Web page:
Whether you're stringing lights or powering a leaf blower, there's a need for outdoor power. We'll show you how to equip your home's exterior with electricity.
If you've ever twisted extension cords from an indoor outlet to your yard, these outdoor electricity tips are for you. Installing outdoor power outlets isn't as difficult as it sounds.
The quickest way to extend power outdoors is to install a receptacle back-to-back with one inside the house. You also can drill through the wall from a basement or crawlspace and attach a receptacle on the side of a house using an extension ring.
You'll want to position an outdoor receptacle at least 16 inches above the ground. An in-use cover increases protection from the weather. A simple wooden box built around it shields it from bumps by the lawn mower or kids at play. Outdoor receptacles must be GFCI-protected. Check local codes for approved cable, conduit, and boxes.
Expect to spend about 2 hours installing a new outdoor receptacle with an extension ring and in-use cover. You'll also need to spend time cutting a pathway for the cable, and patching walls. Before you begin, check to make sure the new service won't overload the circuit.
Find the easiest path for cable to reach an outside wall, perhaps through a basement or crawlspace. Use a long drill bit to drill a locator hole. If the location is inconvenient or does not satisfy code, install an LB fitting rather than a receptacle to run power elsewhere.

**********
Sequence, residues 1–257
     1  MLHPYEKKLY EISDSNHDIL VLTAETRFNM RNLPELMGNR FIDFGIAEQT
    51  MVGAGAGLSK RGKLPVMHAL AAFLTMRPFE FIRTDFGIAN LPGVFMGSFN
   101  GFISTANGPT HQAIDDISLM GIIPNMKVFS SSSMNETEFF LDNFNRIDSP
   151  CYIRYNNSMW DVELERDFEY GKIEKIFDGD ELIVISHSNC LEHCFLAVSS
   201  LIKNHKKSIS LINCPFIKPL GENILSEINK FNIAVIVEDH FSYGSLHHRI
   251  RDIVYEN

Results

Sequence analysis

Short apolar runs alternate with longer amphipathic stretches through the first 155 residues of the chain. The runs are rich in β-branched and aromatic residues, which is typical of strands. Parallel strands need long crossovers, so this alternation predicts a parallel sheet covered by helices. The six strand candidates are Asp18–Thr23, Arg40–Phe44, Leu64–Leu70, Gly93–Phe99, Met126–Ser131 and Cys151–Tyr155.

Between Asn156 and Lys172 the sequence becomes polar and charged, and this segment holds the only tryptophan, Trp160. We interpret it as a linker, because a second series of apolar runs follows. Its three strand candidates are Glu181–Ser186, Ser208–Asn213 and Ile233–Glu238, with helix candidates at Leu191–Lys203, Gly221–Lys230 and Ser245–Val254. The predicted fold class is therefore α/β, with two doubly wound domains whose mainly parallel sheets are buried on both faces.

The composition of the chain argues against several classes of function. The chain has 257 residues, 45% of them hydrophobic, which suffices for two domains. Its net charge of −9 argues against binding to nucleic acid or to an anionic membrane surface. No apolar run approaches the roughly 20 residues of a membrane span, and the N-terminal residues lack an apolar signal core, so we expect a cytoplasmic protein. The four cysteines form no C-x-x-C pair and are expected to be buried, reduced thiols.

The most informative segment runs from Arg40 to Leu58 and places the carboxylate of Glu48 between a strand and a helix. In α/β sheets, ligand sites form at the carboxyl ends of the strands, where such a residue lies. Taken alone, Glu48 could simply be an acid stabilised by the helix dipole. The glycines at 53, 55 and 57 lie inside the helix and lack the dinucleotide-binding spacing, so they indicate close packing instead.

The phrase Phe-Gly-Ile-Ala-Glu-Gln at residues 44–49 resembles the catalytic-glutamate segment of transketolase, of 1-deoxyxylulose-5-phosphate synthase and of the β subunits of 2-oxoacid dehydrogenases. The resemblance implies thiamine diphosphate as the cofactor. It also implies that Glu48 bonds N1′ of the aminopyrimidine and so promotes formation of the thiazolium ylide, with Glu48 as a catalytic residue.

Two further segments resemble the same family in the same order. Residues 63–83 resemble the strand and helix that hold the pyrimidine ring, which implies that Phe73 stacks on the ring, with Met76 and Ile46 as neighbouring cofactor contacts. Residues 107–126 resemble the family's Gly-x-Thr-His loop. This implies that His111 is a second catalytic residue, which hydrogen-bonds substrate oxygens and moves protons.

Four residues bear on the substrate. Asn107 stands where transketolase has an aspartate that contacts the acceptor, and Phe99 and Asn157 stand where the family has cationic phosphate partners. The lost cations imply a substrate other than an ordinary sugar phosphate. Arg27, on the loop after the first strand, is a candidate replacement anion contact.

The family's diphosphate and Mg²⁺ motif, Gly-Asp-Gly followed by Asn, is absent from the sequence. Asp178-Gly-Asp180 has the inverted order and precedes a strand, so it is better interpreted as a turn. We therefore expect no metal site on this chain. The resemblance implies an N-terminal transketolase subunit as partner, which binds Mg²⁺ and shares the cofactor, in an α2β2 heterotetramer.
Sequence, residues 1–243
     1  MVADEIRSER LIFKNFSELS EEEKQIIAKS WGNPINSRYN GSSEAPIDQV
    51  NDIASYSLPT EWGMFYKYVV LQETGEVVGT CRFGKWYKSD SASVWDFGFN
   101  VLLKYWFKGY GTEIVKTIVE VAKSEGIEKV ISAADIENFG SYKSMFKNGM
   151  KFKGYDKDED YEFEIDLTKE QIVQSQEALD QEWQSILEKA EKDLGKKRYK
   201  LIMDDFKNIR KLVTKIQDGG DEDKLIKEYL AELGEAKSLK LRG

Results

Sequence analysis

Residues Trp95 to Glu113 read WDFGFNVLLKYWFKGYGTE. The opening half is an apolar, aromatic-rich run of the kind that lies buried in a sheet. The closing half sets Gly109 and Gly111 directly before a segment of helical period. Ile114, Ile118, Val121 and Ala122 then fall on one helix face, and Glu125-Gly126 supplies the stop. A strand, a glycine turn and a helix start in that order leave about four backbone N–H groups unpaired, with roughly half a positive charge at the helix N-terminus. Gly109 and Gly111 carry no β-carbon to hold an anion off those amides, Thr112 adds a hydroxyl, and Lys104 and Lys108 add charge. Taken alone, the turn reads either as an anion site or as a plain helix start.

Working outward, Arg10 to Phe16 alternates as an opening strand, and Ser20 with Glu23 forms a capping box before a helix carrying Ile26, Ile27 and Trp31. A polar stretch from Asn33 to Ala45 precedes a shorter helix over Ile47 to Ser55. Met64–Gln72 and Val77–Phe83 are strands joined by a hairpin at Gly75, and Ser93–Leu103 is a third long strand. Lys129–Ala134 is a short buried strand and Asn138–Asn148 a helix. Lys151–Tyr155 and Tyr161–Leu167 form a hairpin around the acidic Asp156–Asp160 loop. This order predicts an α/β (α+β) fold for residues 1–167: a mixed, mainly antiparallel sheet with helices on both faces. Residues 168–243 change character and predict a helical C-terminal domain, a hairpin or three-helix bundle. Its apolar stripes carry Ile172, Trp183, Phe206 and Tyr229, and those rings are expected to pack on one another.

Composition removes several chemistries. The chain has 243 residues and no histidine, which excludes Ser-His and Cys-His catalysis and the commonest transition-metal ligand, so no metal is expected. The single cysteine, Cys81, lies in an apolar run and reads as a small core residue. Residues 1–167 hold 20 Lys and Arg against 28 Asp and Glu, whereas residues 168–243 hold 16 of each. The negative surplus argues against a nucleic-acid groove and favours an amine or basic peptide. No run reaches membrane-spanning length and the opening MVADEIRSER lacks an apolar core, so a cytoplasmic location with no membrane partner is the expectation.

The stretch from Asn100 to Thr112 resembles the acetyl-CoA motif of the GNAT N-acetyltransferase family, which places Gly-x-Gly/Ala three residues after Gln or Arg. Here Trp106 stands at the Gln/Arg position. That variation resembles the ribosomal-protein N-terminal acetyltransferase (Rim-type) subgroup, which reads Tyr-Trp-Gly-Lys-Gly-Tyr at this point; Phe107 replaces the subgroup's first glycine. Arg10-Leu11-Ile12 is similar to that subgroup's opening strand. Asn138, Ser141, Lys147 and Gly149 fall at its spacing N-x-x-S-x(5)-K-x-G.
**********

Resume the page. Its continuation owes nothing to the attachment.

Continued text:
Using a reciprocating saw or keyhole saw, cut a hole for a remodel box. Run cable through the hole and into a remodel box. Install the box and add an extension ring and a terminal adapter if using PVC.
Beneath the box dig a trench deep enough to satisfy local codes. Call before you dig. Using PVC or rigid metal conduit, attach a length of pipe to a sweep. Cut the pipe to fit, attach it, and anchor the conduit with straps.
Editor's Tip: To install metal conduit so it is watertight, use rigid conduit with threaded fittings or IMC conduit with compression fittings.
Shut off power to the circuit. Connect the black and white wires from the power source to the LINE terminals of a GFCI receptacle. After you run cable for the new service, connect those wires to the LOAD terminals so the new service is GFCI-protected. Connect the power source.
Install an in-use cover, which protects the receptacle from moisture even when a cord is plugged in.
Editor's Tip: Once you have installed an outdoor receptacle with extension ring, you can run cable for lights or additional receptacles.
To make the transition from indoor to outdoor wiring, use an LB fitting. Essentially a watertight pulling elbow, it is ideal for connecting to conduit.
One way to bring power outdoors is with back-to-back receptacles. Shut off power, pull out an indoor receptacle, and drill a locator hole through the wall to the outside.